Eurosceptics don't always have cause to celebrate. The story likely to annoy the Conservative backbenches at the moment is the proposed BAE/EADS merger, to which David Cameron appears to have consented (£), which Eurosceptics rightly fear will stop Britain from having a world class independent defence industry, and instead empower the French and Germans.
William Hague has good - exciting - news for those who despair. Tomorrow, he will announce the launch of a network of new embassies across the world which will be shared between British Commonwealth nations, and which will seek to head off the creeping influence of European Union diplomats.
The Foreign Secretary is in Canada, where he will sign a diplomatic agreement to open joint embassies with that country, and he also hopes Australia and New Zealand will join the initiative. It's no surprise Canada should be our closest diplomatic ally: Prime Minister Stephen Harper has defended and protected the motherland's interests before - over the Falklands for instance.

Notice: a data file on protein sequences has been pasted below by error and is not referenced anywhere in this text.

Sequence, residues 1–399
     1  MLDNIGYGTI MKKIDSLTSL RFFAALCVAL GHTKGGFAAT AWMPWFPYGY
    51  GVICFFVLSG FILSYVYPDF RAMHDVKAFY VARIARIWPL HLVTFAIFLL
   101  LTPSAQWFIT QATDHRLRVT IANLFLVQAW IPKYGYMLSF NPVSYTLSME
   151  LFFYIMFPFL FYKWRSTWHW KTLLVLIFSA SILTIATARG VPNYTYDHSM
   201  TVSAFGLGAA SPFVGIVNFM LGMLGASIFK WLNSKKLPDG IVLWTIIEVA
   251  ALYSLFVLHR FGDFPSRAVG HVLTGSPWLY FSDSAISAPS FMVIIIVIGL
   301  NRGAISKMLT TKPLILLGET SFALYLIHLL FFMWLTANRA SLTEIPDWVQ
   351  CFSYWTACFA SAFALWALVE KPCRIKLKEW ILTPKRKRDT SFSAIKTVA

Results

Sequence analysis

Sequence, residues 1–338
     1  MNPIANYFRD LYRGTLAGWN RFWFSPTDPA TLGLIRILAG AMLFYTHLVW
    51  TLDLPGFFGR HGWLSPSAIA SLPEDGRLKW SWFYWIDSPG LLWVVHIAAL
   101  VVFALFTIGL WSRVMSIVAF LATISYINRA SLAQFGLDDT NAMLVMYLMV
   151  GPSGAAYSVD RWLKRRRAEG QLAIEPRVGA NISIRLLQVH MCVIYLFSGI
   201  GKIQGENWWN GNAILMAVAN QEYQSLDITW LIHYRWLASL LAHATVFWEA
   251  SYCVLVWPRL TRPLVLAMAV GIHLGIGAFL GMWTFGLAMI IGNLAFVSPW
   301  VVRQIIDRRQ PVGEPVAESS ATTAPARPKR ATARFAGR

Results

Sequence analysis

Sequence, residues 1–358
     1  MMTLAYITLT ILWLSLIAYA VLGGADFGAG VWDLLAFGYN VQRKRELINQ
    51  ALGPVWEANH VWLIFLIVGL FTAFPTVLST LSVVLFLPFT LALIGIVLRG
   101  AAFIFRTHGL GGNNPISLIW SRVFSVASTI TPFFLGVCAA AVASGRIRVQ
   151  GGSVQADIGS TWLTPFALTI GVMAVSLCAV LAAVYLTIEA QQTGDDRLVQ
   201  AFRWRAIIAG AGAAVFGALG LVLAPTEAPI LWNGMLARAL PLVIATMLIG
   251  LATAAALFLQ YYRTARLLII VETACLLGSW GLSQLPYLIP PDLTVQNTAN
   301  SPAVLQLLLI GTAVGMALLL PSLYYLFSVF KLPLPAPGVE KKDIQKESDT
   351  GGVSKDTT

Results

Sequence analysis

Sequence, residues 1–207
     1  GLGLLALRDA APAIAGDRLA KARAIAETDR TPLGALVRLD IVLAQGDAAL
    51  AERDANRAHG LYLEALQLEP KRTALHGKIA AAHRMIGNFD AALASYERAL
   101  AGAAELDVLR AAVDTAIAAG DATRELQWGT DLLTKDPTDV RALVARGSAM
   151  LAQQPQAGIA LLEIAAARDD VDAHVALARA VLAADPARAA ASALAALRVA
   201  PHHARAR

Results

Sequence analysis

Mr Harper has a proud record of being Israel's strongest defender at the United Nations, so he will be entirely aware of the pernicious affect international bodies can have. He will, I have no doubt, share Mr Hague's suspicions about the European Union's fast-expanding diplomatic programme, the European External Action Service, which is setting up offices in America and elsewhere, and seeks to sideline Britain's position as a major diplomatic power.
In nations where Canada has an embassy, but Britain does not, or vice versa, the countries will share the embassy - and the same will hopefully apply for the Anzac nations. This will obviously expand the number of countries where Britain has an embassy, and will therefore counter the influence of the European network of embassies. Mr Hague said:
"As David Cameron said when addressing the Canadian parliament last year, “We are two nations, but under one Queen and united by one set of values.” We have stood shoulder to shoulder from the great wars of the last century to fighting terrorists in Afghanistan and supporting Arab Spring nations like Libya and Syria. We are first cousins. So it is natural that we look to link up our embassies with Canada’s in places where that suits both countries. It will give us a bigger reach abroad for our businesses and people for less cost."
United by monarchy, history, language, heritage and political tradition, we have much more in common with, say, a Canberran or a Torontonian than we do with an Athenian or a Roman. We are already diplomatically close, but this move by Mr Hague to extend our interests is a very welcome renewal of our four countries' friendship. The Commonwealth was neglected under Labour, who rejected the old English-speaking countries, and embraced "forward-looking" Europeans. The Coalition has started correcting this.